Strong rebound for grains Wednesday; especially beans
CBOT futures declined modestly after the WASDE report was released Tuesday morning, despite having the USDA lower its projected 2012-13 corn carryout forecast slightly to 117.6 million tonnes or 13.6% of annual usage. The Agriculture Department boosted its estimate of Chinese production by 8 million tonnes, thereby suggesting they’ll be buying little U.S. corn in the coming months. Corn continued its slide in overnight trading, possibly due to forecasts for near ideal weather over much of the crop growing areas of Brazil and Argentina, where farmers have recently struggled to get crops planted on time. March corn slipped 1 3/4 cents to $7.26 1/4 per bushel in overnight trading, while the December 2013 future was down 1 1/4 at $6.26 1/2.
Soybeans led the way downward in Tuesday night trading after having apparently been dragged downward by wheat in the wake of the WASDE report. The data release held few surprises for soybean traders, with only a minimal shift in forecast ending stocks and no change to anticipated 2013 production out of South America, but the sharply negative reaction posted by the wheat market depressed the whole CBOT complex. As with corn, fresh forecasts for beneficent planting weather in South America almost surely sparked fresh selling in the bean pit. January soybeans fell 9 cents to $14.63/bushel in overnight trading, while January soybean oil slipped 0.12 to 50.08 cents/pound and January meal dipped $2.9 to $445.2/ton.
Wheat futures fell rather dramatically in reaction to the Wasde report. Not only did the USDA cut its U.S. wheat export forecast for the third consecutive month, it boosted it boosted its 2012-13 world production estimate by 3.7 million tonnes and cut usage by 1.2 million. These data easily topped private forecasts, which very likely amplified their negative impact upon prices. Talk that India may allow a fresh consignment of stored wheat to be exported probably added to the downward pressure in Wednesday morning trading. March CBOT wheat was down 3 cents to $8.18 1/2 in early activity; March KCBT wheat had slipped 1/4-cent to $881 1/4; March MGE futures bucked the downward trend by bouncing 2 1/4 to $9.13 ¼ per bushel.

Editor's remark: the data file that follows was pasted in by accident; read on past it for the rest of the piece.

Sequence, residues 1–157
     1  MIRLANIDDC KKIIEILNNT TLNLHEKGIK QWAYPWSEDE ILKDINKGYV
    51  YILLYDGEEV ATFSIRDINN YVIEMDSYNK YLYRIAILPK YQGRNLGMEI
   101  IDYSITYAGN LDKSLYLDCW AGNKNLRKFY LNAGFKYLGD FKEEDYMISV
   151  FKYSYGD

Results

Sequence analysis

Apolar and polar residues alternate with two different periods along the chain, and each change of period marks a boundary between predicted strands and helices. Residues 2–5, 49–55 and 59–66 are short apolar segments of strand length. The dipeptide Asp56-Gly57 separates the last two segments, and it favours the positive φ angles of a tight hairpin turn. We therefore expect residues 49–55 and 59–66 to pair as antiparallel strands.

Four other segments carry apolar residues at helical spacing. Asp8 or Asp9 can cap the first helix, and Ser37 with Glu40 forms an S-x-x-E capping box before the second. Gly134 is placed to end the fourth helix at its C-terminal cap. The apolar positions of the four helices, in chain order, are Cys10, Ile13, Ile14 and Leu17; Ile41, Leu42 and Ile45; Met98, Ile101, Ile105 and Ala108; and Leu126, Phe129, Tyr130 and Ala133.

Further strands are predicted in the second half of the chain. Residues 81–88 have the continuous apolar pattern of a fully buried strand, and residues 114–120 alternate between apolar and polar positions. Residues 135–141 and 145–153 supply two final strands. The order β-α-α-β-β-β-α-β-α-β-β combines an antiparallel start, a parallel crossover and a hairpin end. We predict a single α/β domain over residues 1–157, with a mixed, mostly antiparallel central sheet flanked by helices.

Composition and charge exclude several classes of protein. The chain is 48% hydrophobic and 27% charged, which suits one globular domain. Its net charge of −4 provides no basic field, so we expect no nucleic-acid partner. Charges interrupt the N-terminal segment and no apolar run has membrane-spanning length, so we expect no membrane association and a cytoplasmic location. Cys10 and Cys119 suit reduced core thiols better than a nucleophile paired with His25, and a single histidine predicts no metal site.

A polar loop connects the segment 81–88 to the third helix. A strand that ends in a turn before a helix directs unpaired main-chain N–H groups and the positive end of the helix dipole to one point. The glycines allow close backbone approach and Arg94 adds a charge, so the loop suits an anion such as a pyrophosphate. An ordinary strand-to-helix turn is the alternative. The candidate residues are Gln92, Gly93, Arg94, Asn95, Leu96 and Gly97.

Breaking news that wholesale beef prices were surging Tuesday morning powered a sharp advance in live cattle futures. Choice cutout jumped 2.12 cents/pound, while the select cuts posted gains of 1.74 cents. This encouraged bullish traders who have been waiting for a sign of resurgent demand to push cattle prices higher, since supply conditions remain extremely tight. Yesterday’s late news that a large portion of Monday-evening delivery notices were reclaimed probably encouraged continued buying in overnight trading. February live cattle rose 0.20 cents to 132.15 cents/pound, while the April contract was up 0.17 to 135.70 cents/pound.
CME lean hog futures were mixed in Tuesday night trading, thereby probably reflecting the bullish pull of Tuesday’s cattle strength and the potential for short-term seasonal weakness faced by the hog and pork complex. That is, unless some of the other cuts exhibit signs of fresh strength during the days ahead, the traditional pre-holiday breakdown suffered by the ham market at this time of year could weigh heavily upon hog and pork values. Cutout was essentially unchanged Tuesday afternoon, while the direct markets fell moderately. February hogs were unchanged at 84.15 cents/pound, while the June contract slipped one tick to 99.02 cents/pound.
Cotton futures reacted well to the supportive elements of the WASDE report Tuesday. The USDA cut estimated U.S. production and boosted its export forecast, thereby lowering projected 2012-13 ending stocks to 5.4 million bales. In addition, the USDA suggested that China would purchase the bulk of its 2012 crop for its national reserve, thereby reducing supplies available to its domestic mills. The strong reaction pushed the March future above trendline resistance in place since late August, which may have set the stage for further gains. However, prices set back to test that line from above in overnight trading. March cotton slipped 0.09 to 74.81 cents/pound in early activity and the December future fell 0.15 to 77.98 cents/pound.